Piano Keys CHART For Beginners 2022 [Ultimate Guide]

By James  •  Updated August 24, 2022

The best thing about learning to play the piano is that all the keys are laid out in front of you. There is no need to adopt a certain finger position just so you can play a chord.

However, for you to play the piano, you will need to know what each key is for. This is exactly what we are going to try and find out in this article, so you can elevate your learning.

A Quick Look at A Piano Keys Chart

At some point, you have probably wondered: how many keys are there on a piano

A standard, full-sized piano has 88 keys. The keys are composed of 52 white keys called natural notes and 36 black keys called flats and sharps. 

Basic Piano Keys Chart

Now that you know how many keys there are on a piano as well as the general use of each colored key, it is time to learn the corresponding note for each key. Do not worry as this is going to be very easy. When you begin learning to read music sheets, you will find this information very useful!

Piano Octaves

First, let us discuss octaves and scales on the piano.

If you look closely at a piano keyboard, you will see that there is a pattern for every 12 keys. This pattern is 2 black keys bracketed by 3 white keys and then 3 black keys bracketed by 4 white keys.

The notes for white piano keys from left to right are C, D, E, F, G, A, and B. Pressing the next key will land you on another C.

Try playing this on your own piano! You will realize that the notes are very familiar. 

Remember Julie Andrews’ The Sound of Music? The sound of the notes is similar to Do-Re-Mi-Fa-So-La-Ti, and then back to Do. The notes you play from one C to another is called an octave.

Sharps and Flats

Next, we will go over what sharps and flats are.

The black keys on the piano keyboard are sharps and flats. A sharp is a note that is half a step (also known as a semitone (1) higher than its corresponding white key. On the other hand, a flat (2) is a note that is half a step lower than its corresponding white key. An easier way to memorize this is to remember that sharps are always on the right of a note while flats are always on the left.

Sharps (3) are marked with this symbol ‘#’ on a music sheet while flats are marked with this symbol ‘’.

Another thing that you might notice is that flats and sharp share the same key. For example, C# is the same key as D♭. 

Enharmonic Notes

Let us take a look at this major scale again.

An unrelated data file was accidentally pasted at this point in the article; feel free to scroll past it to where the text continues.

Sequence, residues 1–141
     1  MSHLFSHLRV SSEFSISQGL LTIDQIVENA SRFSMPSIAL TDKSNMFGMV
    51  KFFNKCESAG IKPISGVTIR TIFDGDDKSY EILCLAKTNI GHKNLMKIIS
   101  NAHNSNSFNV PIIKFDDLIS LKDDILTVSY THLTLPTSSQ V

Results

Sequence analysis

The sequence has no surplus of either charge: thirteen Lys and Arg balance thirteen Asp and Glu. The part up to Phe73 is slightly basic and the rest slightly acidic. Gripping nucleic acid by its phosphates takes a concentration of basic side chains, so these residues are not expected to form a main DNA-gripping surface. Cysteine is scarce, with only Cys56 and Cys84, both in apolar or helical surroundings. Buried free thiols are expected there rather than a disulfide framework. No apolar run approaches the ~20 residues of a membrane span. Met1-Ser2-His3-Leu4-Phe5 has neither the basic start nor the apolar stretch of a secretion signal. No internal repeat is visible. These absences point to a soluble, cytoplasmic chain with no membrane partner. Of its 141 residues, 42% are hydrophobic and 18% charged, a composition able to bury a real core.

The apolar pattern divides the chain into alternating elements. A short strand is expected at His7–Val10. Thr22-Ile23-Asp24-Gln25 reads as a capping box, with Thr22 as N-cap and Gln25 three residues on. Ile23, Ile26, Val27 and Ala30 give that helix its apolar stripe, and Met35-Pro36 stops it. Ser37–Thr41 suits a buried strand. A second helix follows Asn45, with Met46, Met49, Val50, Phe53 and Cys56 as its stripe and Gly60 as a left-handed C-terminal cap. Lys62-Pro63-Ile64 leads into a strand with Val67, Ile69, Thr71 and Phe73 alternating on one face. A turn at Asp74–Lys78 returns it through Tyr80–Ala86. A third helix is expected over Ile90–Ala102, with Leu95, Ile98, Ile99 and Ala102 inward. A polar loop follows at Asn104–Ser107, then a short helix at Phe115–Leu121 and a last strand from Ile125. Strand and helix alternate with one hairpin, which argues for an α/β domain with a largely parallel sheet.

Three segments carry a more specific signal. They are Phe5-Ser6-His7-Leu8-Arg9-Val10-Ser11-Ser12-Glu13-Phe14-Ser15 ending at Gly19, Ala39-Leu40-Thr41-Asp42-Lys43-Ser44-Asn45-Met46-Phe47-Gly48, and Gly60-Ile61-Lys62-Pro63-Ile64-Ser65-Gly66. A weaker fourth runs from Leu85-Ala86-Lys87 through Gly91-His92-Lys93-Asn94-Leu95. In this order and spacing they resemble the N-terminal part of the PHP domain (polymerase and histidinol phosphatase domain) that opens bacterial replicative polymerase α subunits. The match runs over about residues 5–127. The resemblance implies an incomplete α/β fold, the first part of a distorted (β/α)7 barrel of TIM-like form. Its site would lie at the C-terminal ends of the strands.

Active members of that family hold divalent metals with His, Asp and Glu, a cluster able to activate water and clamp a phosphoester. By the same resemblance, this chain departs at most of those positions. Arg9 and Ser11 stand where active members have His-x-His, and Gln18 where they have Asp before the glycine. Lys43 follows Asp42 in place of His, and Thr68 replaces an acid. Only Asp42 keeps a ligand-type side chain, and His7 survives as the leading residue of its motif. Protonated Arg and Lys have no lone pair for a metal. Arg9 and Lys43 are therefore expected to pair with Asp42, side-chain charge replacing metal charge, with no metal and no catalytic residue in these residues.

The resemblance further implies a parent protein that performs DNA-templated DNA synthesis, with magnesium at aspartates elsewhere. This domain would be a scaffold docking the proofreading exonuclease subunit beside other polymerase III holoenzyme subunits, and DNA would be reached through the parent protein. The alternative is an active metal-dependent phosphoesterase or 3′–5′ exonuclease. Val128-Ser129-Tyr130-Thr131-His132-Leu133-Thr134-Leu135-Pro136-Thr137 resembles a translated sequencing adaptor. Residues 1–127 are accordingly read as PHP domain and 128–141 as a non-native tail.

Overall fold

Most of the white keys on the piano keyboard have corresponding black keys. However, C and E, as well as B and C, do not have corresponding black keys. The reason for this is because these white keys are also half notes. 

Look at the white keys on the image. It is clear here that sometimes, one note can have two names (Example: C and B#, E and F♭, F and E# and B and C♭). These notes are called enharmonic notes

Scales and Keys

Scales (4) play an important role no matter what instrument you play. Even as a singer, scales, and octaves are very useful to learn as it is one of the fundamentals of music theory. 

Take a look at the image above. 

Playing the white keys from one C to another means you have played a C Major scale. The C Major scale is made up of two whole steps, a half step, three whole steps, and another half step. If you keep this formula memorized, it will be much easier to play any Major scale!

Here are a couple of examples:

  1. This is what it would look like if you started a scale on B♭ going down:

We have two whole notes (C and D) and then a half note (E♭) followed by three whole notes (F, G, and A) and finally ending on another half note (B♭).

  1. This is what it would look like if you started on D going up:

Once again, it is made up of two whole notes (D and E), a half note (F#), three whole notes (G, A, and B) and ends with another half note (C#). 

Piano Keys Chart in Relation to Sheet Music

Lastly, we are going to figure out where the keys we just learned fall when it is translated into sheet music. 

To play the piano, you will have to learn 2 clefs (5):

  • Bass Clef – If the F Clef falls on the fourth line of the staff, it is considered a bass clef. Today, this is the only bass clef still in use. The F Clef is often synonymous with the bass clef. Notes written on the bass clef are an octave lower than the written pitch. 
  • Treble Clef – When the G clef falls on the second line of the staff, it is considered a treble clef. Nowadays, the treble clef is the most popularly used today. It is also the first clef that musicians learn and the only G-clef still in use. Notes with high pitch are often placed on the treble clef.

The notes on the treble clef and the bass clef can intersect. This happens when notes on the treble clef go down and notes on the bass clef go up. The point of interaction is often on Middle C, that is why it is always important to be able to recognize where it is placed on your piano keyboard. 

Take a look at this image below: 

This is where you would find the middle C on the keyboard and on the staff. I have connected the Cs on the keyboard to the ones on the staff to make it easier to see.

There are plenty of ways to remember where the notes fall on the staff. However, as long as you know where the C is, it will be easier to remember the rest!

If you need more in-depth lessons in playing the piano, do not forget to check our curated list in the Sound Fro reviews!


  1. https://en.wikipedia.org/wiki/Semitone
  2. https://en.wikipedia.org/wiki/Flat_(music)
  3. https://en.wikipedia.org/wiki/Sharp_(music)
  4. https://en.wikipedia.org/wiki/Chromatic_scale
  5. https://en.wikipedia.org/wiki/Clef